The second piece is related to compensation or a similar fear that veterinarians have, which is that home delivery will cannibalize their wholesale business. The same data points I shared above prove this doesn’t need to be concern. Regardless off those data, we have designed our contracts with distribution so rep compensation through home delivery is equitable to selling it into the hospital, and in many situations, is better. Our DSR partners need to know that if their customers sell product through our home delivery service, the DSR will get compensated just as if they sold it via wholesale into the practice… and the reality is they will actually sell more.”
Pat Panaia, Vice President, B2B Sales and Marketing at Vets First Choice, has also seen dramatic patterns of growth in clinics using the company’s prescription management platform and online services. She said, “For DSRs, we are able to expand the total pie by growing overall sales, including product sales in practice. The manufacturer reps have noticed, and we get reports of them asking practices, ‘What is going on — why have your sales increased?’
She continued, “Practices that have embraced our platform are fundamentally managing their businesses and practice differently, and are experiencing double-digit growth. This is across the board at the practice: total revenues, in-house inventory revenues, online revenue, and service revenues — they’re all growing. The big reason is that our platform allows a better way to manage prescriptions, to connect and reconnect with clients to enhance these relationships. So, clients are not going to PetMeds and are staying compliant.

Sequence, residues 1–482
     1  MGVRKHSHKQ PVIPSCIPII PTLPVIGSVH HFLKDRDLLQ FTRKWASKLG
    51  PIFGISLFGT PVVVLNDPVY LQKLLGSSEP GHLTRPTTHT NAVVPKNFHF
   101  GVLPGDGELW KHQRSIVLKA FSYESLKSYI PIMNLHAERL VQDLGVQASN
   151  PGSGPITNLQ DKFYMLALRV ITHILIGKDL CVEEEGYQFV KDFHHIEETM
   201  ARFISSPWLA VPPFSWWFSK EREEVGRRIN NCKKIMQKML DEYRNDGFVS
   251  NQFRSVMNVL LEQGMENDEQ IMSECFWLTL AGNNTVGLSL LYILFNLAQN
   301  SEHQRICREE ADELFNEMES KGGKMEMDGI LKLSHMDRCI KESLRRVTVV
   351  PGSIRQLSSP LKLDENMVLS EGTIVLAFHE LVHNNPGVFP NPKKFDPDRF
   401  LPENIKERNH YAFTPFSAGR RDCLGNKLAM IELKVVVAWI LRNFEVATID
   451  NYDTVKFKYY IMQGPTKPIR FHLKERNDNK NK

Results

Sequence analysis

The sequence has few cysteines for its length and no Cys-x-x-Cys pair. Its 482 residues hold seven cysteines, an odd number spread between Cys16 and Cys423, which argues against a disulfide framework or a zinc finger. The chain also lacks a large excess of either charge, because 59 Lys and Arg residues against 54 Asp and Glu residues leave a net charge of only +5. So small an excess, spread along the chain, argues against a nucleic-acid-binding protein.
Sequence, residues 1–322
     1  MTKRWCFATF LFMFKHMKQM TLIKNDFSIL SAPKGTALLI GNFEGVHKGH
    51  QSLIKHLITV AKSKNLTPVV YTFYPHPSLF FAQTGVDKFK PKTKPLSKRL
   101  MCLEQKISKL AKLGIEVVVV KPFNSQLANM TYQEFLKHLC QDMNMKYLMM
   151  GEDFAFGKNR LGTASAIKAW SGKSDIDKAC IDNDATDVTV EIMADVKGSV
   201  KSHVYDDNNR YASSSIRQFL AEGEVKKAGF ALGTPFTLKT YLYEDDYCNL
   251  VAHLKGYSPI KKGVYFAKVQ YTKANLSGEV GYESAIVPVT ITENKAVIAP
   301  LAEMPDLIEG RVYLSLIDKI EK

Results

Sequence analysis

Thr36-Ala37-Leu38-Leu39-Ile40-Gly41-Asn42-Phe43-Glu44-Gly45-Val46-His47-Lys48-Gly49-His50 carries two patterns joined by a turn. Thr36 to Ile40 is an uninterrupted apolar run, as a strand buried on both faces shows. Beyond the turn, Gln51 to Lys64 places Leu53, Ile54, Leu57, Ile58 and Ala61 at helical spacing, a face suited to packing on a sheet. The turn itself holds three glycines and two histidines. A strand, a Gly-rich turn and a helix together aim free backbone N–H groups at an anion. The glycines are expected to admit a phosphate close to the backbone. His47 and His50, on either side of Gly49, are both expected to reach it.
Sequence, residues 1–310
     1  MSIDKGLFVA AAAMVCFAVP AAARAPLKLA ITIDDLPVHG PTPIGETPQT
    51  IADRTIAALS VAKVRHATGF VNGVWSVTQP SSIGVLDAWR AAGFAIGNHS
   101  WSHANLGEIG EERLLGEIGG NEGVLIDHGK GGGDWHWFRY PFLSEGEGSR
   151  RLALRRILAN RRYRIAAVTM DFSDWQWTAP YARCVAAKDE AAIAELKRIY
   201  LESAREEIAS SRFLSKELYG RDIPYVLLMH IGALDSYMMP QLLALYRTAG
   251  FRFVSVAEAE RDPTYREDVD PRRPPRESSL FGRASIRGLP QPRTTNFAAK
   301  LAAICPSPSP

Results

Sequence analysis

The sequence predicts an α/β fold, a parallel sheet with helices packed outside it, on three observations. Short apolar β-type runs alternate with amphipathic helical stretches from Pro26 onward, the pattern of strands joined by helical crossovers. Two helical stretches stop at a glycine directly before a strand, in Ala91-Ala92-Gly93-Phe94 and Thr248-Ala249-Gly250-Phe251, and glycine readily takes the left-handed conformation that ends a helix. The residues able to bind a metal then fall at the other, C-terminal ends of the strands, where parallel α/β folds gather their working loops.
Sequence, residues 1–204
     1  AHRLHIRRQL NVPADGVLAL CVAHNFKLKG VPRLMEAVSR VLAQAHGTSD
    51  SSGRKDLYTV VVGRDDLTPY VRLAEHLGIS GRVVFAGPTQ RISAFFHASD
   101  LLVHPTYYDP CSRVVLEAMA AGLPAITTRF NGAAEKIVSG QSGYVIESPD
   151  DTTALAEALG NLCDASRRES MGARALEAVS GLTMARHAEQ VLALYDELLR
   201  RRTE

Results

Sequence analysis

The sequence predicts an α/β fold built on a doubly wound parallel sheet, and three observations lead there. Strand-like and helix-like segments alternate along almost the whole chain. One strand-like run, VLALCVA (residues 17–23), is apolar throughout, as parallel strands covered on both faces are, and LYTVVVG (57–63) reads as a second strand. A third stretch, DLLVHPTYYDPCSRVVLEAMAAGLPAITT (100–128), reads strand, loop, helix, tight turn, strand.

The DSRs really benefit from that. So, depending on which platform the DSRs get their clinics to adopt, the overall practices will grow. DSRs can simply look at what choice the practice has made and see the results.”
Given that home delivery is proving to be working wonders for many practices, why not open to the door to that conversation during your clinic visits? Here are some questions you can ask during sales calls.
- What if you could improve compliance with prevention and treatment? Compliance should be brought up in discussions about home delivery. The special features that today’s platforms offer, such as the “Remind Me” program and “Sign Up for Automatic Refills,” will drive up compliance. Mention the growth Asa and Pat provided above.
- What would it mean to increase your cash flow? When the doctor states that this would be great, open the door to a discussing the home delivery compensation model and how their practice will benefit… because clients won’t be as likely to go somewhere else if their own vet offers convenient online ordering.
It’s time to steer more of the online pet-product buyers toward their veterinarians, so everyone wins.